Creating a schedule for your staff members that work a set Monday through Friday schedule might sound redundant, but it’s actually one of the best ways to increase productivity and deliver your projects on time.
Although set schedules seem predictable, people often have regular appointments, leave early, and sometimes work remotely.
For example, your HR person might need to leave early every other Wednesday, and your software programmer may have an appointment in the middle of the day on the 15th of every month. Your head of marketing might work remotely on Mondays and Thursdays, and your Facebook ad team might like to vary the days they work remotely.
While these scenarios are understandable, these completely normal variations in “set” schedules might be creating chaos in your office.
The chaos doesn’t come from the actual schedule variations, but from the plans that get halted because your team doesn’t know when people won’t be around.
As the boss, you might know where your team members are, but if your staff doesn’t, it can have the same impact on your company as someone who calls in sick.
Here are five reasons you should create a work schedule for your staff members—including their remote days—no matter what.
1. Schedules support productive collaboration
If you have employees who often need to collaborate with each other in person (like software programmers and designers), unplanned remote days and days cut short can put a project behind.
When one of your employees is counting on someone else to be in the office the next day in order to move forward with their part of the project, and that person is absent, it leads to a wasted day.
When your employees can see everyone’s schedule for the week, including days where they plan to work remotely or have scheduled appointments, your whole team will know well in advance when they can count on being able to collaborate in person.
Solve the problem automatically
You can send out an email blast every time someone’s schedule deviates from the 9-5 norm, but that’s not efficient. And because you can’t expect people to remember an entire office full of special appointments, you need to automate the way you schedule your staff.
You can accomplish this by using shift planning software that allows all employees to see everyone’s schedule, preventing unproductive days that come from waiting around for people who never intended to show up.
2. Your big boss might come in unannounced
Most IT companies allow their staff to work remotely on some days. Even though a team member is getting work done from home, not being present in the office means they could miss an important, unannounced appearance by the big boss.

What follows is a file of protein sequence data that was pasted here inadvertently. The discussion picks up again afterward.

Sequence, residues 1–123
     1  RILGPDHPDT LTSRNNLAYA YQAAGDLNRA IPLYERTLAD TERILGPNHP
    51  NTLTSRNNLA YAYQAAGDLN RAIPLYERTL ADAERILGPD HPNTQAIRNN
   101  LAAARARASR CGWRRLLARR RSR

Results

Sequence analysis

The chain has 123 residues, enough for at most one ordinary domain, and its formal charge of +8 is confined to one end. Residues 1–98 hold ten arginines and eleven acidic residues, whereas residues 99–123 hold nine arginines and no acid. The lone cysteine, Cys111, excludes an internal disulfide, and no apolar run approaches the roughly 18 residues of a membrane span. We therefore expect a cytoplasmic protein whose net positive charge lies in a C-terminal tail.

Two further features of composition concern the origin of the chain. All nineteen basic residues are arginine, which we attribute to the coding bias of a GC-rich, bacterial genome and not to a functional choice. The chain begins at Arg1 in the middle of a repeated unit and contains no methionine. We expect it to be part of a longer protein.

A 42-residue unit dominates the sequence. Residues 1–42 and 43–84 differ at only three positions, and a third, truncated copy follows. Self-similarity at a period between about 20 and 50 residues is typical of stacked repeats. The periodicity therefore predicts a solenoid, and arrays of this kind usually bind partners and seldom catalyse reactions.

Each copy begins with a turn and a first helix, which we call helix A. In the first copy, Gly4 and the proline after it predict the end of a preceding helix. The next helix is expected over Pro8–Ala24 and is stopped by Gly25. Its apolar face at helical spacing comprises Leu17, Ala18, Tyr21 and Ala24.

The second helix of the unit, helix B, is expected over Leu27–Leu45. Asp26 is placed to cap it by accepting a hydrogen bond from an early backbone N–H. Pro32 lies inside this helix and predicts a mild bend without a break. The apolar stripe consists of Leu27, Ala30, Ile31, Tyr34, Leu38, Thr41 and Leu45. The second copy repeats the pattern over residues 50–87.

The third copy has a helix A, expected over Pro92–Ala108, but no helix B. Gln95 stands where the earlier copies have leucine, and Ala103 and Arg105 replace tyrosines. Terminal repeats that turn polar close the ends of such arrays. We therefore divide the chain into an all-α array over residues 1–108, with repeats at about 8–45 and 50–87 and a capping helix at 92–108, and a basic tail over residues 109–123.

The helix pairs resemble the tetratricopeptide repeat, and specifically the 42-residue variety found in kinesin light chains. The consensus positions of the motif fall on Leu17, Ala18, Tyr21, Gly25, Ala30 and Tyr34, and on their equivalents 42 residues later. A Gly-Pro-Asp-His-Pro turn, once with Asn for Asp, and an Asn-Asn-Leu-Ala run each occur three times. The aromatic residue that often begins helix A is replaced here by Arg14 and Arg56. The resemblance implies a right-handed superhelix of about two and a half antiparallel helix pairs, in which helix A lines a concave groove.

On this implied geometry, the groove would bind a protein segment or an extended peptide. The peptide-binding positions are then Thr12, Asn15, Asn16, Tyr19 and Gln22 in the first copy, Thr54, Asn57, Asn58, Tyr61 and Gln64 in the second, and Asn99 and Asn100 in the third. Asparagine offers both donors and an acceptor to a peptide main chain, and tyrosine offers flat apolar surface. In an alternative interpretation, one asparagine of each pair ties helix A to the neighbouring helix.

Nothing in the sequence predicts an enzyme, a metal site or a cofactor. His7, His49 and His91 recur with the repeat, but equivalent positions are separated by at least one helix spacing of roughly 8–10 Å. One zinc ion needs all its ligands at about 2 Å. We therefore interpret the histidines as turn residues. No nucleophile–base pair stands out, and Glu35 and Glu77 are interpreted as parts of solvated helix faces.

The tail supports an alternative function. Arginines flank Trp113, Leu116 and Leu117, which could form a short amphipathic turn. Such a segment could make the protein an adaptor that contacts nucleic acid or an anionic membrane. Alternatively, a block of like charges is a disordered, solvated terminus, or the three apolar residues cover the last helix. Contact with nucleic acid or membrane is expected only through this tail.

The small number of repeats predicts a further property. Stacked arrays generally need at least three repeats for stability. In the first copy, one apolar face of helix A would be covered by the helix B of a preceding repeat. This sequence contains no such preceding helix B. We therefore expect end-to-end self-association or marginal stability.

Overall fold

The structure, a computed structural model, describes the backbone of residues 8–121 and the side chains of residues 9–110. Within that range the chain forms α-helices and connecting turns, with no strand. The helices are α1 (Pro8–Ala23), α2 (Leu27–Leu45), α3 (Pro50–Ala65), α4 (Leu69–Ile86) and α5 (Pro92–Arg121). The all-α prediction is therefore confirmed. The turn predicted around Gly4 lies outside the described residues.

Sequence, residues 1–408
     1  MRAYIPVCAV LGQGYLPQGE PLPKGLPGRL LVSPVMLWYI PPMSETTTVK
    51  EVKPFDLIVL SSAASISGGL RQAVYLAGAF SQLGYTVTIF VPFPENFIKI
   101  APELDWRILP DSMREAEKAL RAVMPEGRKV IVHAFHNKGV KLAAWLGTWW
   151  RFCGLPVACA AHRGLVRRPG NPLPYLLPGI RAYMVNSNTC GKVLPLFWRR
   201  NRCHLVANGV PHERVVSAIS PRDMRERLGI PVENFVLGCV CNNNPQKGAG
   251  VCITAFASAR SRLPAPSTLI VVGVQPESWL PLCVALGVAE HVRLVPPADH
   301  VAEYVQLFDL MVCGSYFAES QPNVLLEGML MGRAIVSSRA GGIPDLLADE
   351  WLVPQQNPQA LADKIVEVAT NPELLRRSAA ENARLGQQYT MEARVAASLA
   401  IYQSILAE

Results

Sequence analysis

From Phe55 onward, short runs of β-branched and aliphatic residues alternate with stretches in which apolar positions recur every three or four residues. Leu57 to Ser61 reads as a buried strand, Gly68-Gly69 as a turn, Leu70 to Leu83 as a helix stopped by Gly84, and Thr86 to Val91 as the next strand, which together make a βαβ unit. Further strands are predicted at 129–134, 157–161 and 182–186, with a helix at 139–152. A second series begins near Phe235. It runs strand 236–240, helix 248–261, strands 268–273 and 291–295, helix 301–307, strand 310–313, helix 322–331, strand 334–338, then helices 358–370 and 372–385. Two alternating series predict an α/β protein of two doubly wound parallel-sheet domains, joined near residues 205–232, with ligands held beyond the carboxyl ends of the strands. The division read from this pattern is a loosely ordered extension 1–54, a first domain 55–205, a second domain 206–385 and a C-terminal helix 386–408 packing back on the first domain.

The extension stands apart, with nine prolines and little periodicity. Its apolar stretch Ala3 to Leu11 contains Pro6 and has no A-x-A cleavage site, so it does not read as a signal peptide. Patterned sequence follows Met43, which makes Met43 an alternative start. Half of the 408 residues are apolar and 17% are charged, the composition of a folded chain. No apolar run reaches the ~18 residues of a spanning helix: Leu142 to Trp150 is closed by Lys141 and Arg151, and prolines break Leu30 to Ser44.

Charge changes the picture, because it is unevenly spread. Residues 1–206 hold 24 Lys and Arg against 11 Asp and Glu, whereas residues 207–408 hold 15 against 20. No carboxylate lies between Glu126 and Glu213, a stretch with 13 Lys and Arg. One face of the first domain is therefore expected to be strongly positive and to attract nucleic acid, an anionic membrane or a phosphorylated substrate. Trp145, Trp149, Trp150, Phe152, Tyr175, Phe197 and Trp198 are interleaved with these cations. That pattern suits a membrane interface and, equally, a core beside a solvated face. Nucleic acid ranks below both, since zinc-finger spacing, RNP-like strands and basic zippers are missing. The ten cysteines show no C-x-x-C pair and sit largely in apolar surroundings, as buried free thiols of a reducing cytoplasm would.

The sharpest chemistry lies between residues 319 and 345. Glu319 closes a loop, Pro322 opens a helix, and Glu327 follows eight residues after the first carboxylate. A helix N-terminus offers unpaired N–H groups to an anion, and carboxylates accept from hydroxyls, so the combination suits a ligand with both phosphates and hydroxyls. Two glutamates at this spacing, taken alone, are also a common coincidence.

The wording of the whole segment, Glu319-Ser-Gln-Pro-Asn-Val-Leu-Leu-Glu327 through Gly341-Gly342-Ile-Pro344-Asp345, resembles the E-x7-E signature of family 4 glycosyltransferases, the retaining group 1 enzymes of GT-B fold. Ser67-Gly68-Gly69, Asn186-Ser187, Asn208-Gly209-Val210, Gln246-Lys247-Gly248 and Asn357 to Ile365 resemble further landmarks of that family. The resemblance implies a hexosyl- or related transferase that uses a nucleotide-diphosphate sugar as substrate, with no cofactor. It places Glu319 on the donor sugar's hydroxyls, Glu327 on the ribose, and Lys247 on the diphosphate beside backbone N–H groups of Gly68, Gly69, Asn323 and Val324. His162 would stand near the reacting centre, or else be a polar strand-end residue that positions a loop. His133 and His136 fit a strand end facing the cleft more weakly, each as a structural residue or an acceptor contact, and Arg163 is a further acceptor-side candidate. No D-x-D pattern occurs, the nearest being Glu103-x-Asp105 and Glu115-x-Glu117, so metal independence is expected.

When you get an early morning call from your head boss letting you know they’ve just arrived in the area for a surprise visit, if you’ve scheduled your staff’s remote days, you’ll know who you need to call quickly to get them to come in for a couple of hours.
If you don’t have your staff’s remote days scheduled, when they don’t show up in the morning because they didn’t feel like getting out of bed, you’ll probably assume they’re just late. And when your boss shows up, you’ll have to provide an excuse for your missing staff members.
3. People work best with structure
The idea of letting staff members come and go as they please sounds like a great idea if all you want is for them to like you. But this practice can actually work against you.
Structure facilitates time management, and time management leads to achieving outcomes. Without structure, it’s difficult to set goals and measure your progress along the way.
Structure also allows for the free flow of information and collaboration between team members. Most of all, it ensures everyone’s time is respected.
4. Prevent missed mini meetings
While it’s always a good idea to plan your meetings ahead of time so everyone can be prepared, sometimes mini-meetings with only a day’s notice are necessary.
When you schedule your staff’s workweek, it’s easier for you to plan these mini-meetings for days when you know everyone will be in the office. Without a schedule, you’re risking a lack of attendance by those who like to take unscheduled remote days.
Don’t be afraid to change the rules
If you’ve already established a casual environment where your staff members can come and go as they please, don’t be afraid to implement some structure in the form of a schedule.
You just have to explain to your team why you’re choosing to change things up. When your team knows how the structure will specifically benefit them, they’ll be more likely to accept the change, and it won’t be long before you see your office running more productively.